The Roar
The Roar


Comparing dynasties: Who were the greatest irritants?

The Hawks have featured in plenty of grand final classics going back to the beginning of the AFL era. (AAP Image/Julian Smith)
Roar Guru
23rd May, 2017
1807 Reads

Paul Roos at the Sydney Swans famously had a ‘no dickheads’ policy during his halcyon years of 2005-06. Roos meditated, maintained his pristine brown hair over eight years of coaching, and was once seen to be whistling right before a quarter-time address with the Swans five goals down. They won.

The policy of no disruptive influences was a further example of Paul Roos trying to bring new thinking into AFL circles, in a time synonymous with the general toxicity of the Brisbane Lions era.

Of course, peace and love vibes were never going to cut it if the Swans wanted to kick on and become one of footy’s fabled dynasties.

Now that Hawthorn are being thrown around by the likes of Essendon, Gold Coast and St Kilda – not to mention their arrogant fans deserting in droves – we can safely say that the Hawks’ era of being incredibly annoying is officially over.

With Jordan Lewis and Sam Mitchell being shipped out, there is a sudden drop in knees dropping into thighs, jibes about injections and general cheap pot shots.

We can finally start to compare: Brisbane or Hawthorn? Who were the greatest? The greatest irritants?

Hawthorn Hawks 2015 AFL Grand Final Premiership Flag

(AAP Image/Julian Smith)

With advances in nutrition, tactical planning and more time for teams to train, it is naturally difficult to compare across eras.

How does a Neil Balme cheap hit behind the play compare to a Mark Yeates cheap hit behind the play compare to a Luke Hodge cheap hit behind the play? Without a time machine, we may never know.


Now, people may accuse me of short-sightedness in only rating teams from the AFL era on this metric.

This is unfair, as literally every single player from the 1970s and 80s was a thuggish fool, rendering any analysis from that era irrelevant.

Brent Crosswell once wrote an article about watching Sam Newman breaking John Nicholls’ nose in a 1970s ruck contest. He naively asked his teammates why this had happened and was simply told, “Polly (Farmer) taught him the ropes.”

We will always wonder how the Hawks of 2007-16 compare to the Hawks of the 1980s. Now, Dermie running through the Essendon huddle was an act of annoying arrogance, to be sure, but that was definitely funny. Dermie had chutzpah. Or is it only less vexing with the rose-tinted glasses of time?

Moving on to the AFL era, it is clear that greater professionalism has taken over footy. Instead of players engaging in a melee with total disregard to the match unfolding around them, they now know that they have to deck their opponent once before refocusing on winning the ball.

The AFL era has seen some great teams come and go. My high school days coincided with watching North Melbourne grind out finals win after finals win. Good times.

Glenn Archer was an enforcer while somehow keeping a modicum of respect. Wayne Carey alone filled North’s idiot quotient, to be sure, but I’m mainly focused on on-field idiocy, such as Byron Pickett’s numerous cheap bumps.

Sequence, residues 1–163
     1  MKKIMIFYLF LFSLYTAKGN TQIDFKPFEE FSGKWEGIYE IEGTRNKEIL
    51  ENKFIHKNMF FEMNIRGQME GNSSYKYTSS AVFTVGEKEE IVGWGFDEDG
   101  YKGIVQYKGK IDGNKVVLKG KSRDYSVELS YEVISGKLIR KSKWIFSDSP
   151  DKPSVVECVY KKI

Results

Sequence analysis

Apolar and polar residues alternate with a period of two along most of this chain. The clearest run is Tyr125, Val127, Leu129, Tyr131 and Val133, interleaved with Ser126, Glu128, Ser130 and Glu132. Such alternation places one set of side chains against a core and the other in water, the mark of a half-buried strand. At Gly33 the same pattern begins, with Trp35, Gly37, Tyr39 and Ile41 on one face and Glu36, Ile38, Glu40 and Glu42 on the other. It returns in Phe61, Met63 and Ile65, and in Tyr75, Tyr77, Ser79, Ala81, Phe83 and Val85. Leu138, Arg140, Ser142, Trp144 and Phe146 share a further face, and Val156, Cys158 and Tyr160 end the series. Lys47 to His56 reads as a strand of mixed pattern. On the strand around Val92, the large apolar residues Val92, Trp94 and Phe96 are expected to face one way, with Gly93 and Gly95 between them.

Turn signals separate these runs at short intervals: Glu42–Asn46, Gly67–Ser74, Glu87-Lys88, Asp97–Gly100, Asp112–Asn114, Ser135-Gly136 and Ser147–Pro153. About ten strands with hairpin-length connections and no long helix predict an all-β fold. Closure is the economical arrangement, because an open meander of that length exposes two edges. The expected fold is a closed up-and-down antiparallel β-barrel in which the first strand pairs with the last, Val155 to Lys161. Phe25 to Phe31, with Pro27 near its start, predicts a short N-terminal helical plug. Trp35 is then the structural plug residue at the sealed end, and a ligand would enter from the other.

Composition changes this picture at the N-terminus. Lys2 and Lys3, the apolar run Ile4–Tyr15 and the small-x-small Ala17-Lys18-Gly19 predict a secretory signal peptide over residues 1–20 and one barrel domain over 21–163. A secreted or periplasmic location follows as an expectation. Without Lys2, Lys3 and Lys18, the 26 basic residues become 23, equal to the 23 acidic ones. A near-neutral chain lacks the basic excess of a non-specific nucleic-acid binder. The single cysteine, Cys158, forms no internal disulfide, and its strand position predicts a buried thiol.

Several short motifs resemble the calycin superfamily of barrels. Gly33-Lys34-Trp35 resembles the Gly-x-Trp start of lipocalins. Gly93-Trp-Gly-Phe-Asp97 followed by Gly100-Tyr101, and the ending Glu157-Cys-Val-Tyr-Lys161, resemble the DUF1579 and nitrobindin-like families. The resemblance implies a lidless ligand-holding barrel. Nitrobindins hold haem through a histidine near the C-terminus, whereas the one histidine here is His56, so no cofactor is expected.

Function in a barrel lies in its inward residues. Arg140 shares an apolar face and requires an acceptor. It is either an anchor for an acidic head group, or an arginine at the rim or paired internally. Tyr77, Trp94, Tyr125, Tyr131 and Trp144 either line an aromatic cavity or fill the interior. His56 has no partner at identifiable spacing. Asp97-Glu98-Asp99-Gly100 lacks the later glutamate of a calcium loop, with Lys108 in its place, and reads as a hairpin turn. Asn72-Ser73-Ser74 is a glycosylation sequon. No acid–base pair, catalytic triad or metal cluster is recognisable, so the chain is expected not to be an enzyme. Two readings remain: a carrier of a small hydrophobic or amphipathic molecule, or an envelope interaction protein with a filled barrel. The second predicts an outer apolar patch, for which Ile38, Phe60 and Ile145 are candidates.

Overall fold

Just like how Essendon 1999-2001 was a fake dynasty, so we had a fake tough guy in Matthew Lloyd. He no doubt read an article about him being soft in his early days and overreacted.

Similarly, when Kevin Sheedy called on Essendon to play with “no rules” against Brisbane in 2002, he had thrown his team to the Lions, literally and figuratively. Essendon had been overtaken on the field – by superior enforcers.

The Brisbane Lions! Now we’re talking. This was a team who took football to the next level. This involved:

  • Their players calling in fake votes to an Age survey on who was the toughest player in the AFL, so that Collingwood’s Ryan Lonie emerged as one of the winners.
  • Completely ruining the Australia-Ireland series concept because the Scotts always started brawls whenever a match wasn’t going Australia’s way.
  • And repeatedly bumping Nick Riewoldt in his injured shoulder off the ball in 2005. Again, the Scotts and Michael.

It is only now that Brisbane has a point of comparison. Three-peat Lions, meet the three-peat Hawks.

Now, by this stage with AFL marketing in full flow, the Hawks were able to come up with a buzzword to fully justify crossing the line between being tough and being thugs: ‘unsociable’.

Hawthorn Hawks AFL 2016

(AAP Image/Rob Blakers)


For some reason, the otherwise inoffensive team that always pushed their buttons was North Melbourne.

First there was Hawthorn’s meltdown in the 2007 semi-final, when once they realised they wouldn’t win simply lost the plot and began the fisticuffs.

Then Brain Lake proved that he had taken the Hawthorn way to heart by strangling Drew Petrie in 2014.

Finally, a year later, the coup de grâce: Luke Hodge and Jordan Lewis delivering twin hits to the head to Andrew Swallow and Todd Goldstein within ten minutes of each other.

I’ll just say that a 2015 Grand Final involving these two would have made slightly more interesting viewing than what we saw.

Sam Mitchell’s subtle, clever jibes complemented Hodge’s more muscular play, with his ‘injection’ gesture to an Essendon player in 2015 and general all-round game (of annoying people).

Time to get sentimental about it all being over. We may never see their likes again.

Looking to the future, GWS’ ambition has resulted in the recruitment of the likes of Shane Mumford, Steve Johnson, Jeremy Cameron, Jonathan Patton, Tom Scully, Toby Greene and Phil Davis providing a nice blend of experienced enforcers with the lippy up-and-comers, small rover-types whose idol was perhaps Steven Milne.


They are looking to begin their own dynasty to rival the Hawks. In every sense.